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The Common Carder Bumblebee is the only common bumblebee to have a completely ginger thorax. Although the abdomen also tends to be gingery, it is more variable in colour, and can be greyish or red. The coat tends to be rather scruffy-looking and is short. This species has a fairly long tongue and males can be distinguished from females as they have longer antennae.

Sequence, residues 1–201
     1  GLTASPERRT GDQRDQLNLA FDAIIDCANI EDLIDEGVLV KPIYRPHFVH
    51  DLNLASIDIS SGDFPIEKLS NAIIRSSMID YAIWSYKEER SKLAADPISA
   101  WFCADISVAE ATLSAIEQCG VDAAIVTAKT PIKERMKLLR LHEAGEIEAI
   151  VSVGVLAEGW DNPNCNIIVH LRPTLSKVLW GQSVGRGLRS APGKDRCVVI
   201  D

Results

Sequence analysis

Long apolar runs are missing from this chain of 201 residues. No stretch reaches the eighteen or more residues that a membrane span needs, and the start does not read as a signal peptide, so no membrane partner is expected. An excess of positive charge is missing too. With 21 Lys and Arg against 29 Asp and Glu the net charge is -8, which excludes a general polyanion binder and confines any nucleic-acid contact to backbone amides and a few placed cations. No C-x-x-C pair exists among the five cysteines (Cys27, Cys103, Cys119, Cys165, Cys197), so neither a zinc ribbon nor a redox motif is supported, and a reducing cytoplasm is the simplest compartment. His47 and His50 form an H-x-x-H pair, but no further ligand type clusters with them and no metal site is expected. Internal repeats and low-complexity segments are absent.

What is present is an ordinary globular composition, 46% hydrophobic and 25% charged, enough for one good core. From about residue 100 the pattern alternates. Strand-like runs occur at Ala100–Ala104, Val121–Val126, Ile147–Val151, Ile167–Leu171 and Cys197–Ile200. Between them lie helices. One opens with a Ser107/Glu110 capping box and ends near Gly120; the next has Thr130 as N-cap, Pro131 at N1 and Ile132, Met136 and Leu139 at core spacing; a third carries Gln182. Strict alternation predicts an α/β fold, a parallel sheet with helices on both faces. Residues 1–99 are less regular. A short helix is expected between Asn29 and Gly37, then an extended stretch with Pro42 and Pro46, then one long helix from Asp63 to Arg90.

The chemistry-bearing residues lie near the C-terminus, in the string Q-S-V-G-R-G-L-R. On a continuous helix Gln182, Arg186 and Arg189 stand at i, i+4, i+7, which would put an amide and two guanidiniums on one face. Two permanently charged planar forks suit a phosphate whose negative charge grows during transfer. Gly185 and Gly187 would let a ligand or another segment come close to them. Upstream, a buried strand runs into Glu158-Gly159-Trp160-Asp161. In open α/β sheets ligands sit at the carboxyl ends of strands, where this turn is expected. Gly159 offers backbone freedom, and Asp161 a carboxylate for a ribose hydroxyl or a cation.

Found in grassy habitats and gardens.
June to October.
Carder Bumblebees earn this name from their habit of combing material together (carding) to create a covering for the cells containing the larvae. This species usually creates its nestsabove ground, often in grass tussocks, in old mouse runs through grass, in tangles of vegetation or just under the surface of the soil. Colonies vary in size, and can contain up to 200 workers. Only young queens survive the winter; they establish new nests in spring.
This species is fairly common and widespread in Britain.
Common in Leicestershire and Rutland.
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